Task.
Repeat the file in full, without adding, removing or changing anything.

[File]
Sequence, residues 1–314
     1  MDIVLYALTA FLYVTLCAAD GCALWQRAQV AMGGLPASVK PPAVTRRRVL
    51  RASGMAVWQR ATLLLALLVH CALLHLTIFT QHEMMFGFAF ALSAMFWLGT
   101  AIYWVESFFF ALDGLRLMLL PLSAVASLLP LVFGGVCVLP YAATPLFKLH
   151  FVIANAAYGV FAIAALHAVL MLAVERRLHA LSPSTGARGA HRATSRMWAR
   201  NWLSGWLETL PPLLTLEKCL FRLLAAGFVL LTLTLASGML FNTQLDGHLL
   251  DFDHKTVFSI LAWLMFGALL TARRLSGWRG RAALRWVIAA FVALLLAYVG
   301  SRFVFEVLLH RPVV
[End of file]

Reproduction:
Sequence, residues 1–314
     1  MDIVLYALTA FLYVTLCAAD GCALWQRAQV AMGGLPASVK PPAVTRRRVL
    51  RASGMAVWQR ATLLLALLVH CALLHLTIFT QHEMMFGFAF ALSAMFWLGT
   101  AIYWVESFFF ALDGLRLMLL PLSAVASLLP LVFGGVCVLP YAATPLFKLH
   151  FVIANAAYGV FAIAALHAVL MLAVERRLHA LSPSTGARGA HRATSRMWAR
   201  NWLSGWLETL PPLLTLEKCL FRLLAAGFVL LTLTLASGML FNTQLDGHLL
   251  DFDHKTVFSI LAWLMFGALL TARRLSGWRG RAALRWVIAA FVALLLAYVG
   301  SRFVFEVLLH RPVV